Monday, April 12, 2010

A Whole Bunch of Films

I seem to be reduced to review posts, but I suppose if I can keep those up, that will constitute a victory. So then:

I've actually had a decent couple weeks on the movie going front, almost back to normal - though only one of those films turns out to be a new release - Peter Chan's Warlords. (7/15) - which as the number tells you was on the bland side, though watchable. The plot is your basic Chinese war film - 3 men form a blood brotherhood, which is eventually betrayed for various reasons... here, this is tied to an actual historical setting, the Taiping rebellion in the mid-19th century. (A setting that seems to be something of a novelty - I haven't seen too many films set then, at least not acknowledging it.) Jet Li plays a general who has survived the slaughter of his men by less than honorable means; Andy Lau and Takeshi Kinoshiro play bandits he joins and then convinces to join the Imperial army. They fight - they win - they turn on one another, sort of. There appear to be 8 people listed as screenwriters - that must be for numerological significance, because what's on screen looks like it could have been written in a napkin in a restaurant. (IMDB notes that the battle scenes received most of the attention - that I can believe.) It does have a nice gritty look, and the three leads bring their usual charms and competence (though they seem a bit distracted... or maybe I was distracted...) - and it pays closer attention to the ways most of Chinese history is a complete disaster from any perspective - but overall it is still a bit of a drag. The fight scenes are perhaps shot a bit too grittily, somewhat obscuring the choreography, which is by Ching Siu-tung, who is one of my favorite artisans in the entire film business, a genius in his field.

Everything else I've seen, in theaters as well as video, have been older films:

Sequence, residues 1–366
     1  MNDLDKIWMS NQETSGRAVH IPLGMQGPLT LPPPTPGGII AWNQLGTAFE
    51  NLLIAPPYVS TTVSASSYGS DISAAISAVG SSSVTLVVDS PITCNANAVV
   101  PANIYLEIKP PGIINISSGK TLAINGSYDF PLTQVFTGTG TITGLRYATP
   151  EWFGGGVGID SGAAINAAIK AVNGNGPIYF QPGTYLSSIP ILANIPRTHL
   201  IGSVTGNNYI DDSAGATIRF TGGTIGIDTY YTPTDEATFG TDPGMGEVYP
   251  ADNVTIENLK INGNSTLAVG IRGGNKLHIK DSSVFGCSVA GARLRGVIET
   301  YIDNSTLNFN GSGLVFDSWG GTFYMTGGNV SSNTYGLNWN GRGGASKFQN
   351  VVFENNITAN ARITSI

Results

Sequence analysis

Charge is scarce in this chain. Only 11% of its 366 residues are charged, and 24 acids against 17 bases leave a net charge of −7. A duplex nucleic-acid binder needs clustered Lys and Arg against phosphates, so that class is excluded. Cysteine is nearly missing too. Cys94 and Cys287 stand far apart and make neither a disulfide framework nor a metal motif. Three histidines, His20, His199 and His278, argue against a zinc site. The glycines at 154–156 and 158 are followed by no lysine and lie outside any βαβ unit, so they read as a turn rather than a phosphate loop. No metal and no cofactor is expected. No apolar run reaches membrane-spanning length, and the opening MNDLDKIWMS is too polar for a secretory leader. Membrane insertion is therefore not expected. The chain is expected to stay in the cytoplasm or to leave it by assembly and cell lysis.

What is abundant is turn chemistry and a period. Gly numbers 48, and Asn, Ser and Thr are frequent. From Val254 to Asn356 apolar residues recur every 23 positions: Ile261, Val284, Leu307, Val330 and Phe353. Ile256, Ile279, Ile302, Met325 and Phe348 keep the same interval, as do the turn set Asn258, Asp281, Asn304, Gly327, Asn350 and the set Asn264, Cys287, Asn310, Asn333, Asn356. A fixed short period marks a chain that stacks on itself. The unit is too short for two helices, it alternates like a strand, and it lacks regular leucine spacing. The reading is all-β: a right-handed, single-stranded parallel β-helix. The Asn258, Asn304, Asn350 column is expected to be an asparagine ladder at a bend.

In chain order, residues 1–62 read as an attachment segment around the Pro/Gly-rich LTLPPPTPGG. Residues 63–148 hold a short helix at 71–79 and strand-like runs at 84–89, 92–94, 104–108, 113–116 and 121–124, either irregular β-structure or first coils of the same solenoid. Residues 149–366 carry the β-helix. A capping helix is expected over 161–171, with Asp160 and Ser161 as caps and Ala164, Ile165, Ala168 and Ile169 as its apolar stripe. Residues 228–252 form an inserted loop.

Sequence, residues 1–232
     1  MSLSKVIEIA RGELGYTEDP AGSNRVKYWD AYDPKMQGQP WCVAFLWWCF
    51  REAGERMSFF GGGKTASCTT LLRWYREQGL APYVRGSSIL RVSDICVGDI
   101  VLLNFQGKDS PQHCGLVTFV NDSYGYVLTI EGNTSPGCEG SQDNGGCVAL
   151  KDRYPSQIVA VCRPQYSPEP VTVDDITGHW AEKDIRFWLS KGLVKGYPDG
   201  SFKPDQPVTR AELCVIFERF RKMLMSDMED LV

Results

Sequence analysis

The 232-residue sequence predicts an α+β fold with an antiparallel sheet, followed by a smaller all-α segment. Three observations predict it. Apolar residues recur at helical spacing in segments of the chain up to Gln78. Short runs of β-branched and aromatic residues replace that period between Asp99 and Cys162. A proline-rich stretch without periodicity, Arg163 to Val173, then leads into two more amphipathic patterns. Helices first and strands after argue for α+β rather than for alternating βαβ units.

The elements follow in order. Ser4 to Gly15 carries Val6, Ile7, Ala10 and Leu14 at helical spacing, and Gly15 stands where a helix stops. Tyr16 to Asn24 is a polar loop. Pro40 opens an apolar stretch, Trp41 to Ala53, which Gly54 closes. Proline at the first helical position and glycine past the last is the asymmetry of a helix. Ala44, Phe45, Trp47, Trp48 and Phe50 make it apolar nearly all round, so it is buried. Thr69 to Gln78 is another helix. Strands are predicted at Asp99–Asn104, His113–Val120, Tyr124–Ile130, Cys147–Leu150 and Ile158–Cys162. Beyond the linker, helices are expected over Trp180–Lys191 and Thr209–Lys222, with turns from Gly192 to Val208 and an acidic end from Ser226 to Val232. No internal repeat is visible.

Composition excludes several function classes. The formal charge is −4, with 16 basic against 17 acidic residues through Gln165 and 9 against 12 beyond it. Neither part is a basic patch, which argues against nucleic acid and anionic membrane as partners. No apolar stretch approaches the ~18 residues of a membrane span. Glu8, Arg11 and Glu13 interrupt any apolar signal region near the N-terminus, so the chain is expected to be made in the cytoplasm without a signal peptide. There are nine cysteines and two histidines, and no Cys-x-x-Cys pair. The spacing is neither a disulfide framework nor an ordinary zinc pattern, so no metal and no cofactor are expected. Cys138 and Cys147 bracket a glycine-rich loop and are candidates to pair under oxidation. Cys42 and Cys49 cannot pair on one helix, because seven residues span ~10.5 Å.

The Sun: 11/15 - Alexander Sukorov's third dictator film, after Molokh and Taurus - this is about Hirohito, becoming a man. Starts in the waning days of the war - he is attended by servants in a bunker; he goes above ground to play at marine biology; he meets his generals. Then he takes a nap, has a vision of hell (his country on fire) - then the Americans arrive (skipping the middle, the end of the war, etc.) He meets MacArthur, who is imperious in his way - the people around him are shocked that he interacts with the Americans - but he is strangely flattered, bragging of his education, happy to be compared to Chaplin, etc. And then - he begins to act human, opening his own doors, making decisions. He is freed - though the rest of the country seems half stuck in the past. Ends neatly - he hears that the engineer who recorded his speech killed himself - he and his wife stare at the chamberlain, then turn and walk away, as if leaving him, and his world, behind. It's a quiet, understated film, elliptical and dreamlike - skipping the middle part is, in fact, a pretty radical move. It jumps over what is, in fact, the defining moment of Hirohito's descent from divinity, his speech calling on Japan to stop fighting. It is a crucial speech - the emperor's voice coming over the radio... it is given prominent play in a great many films, not just Japanese films. (It plays during the opening scene of Hou Hsiao Hsien's City of Sadness, for example.) Here - though it is the moment he becomes human, in a symbolic sense - Sukorov skips it, playing everything around it... A lovely, fascinating film.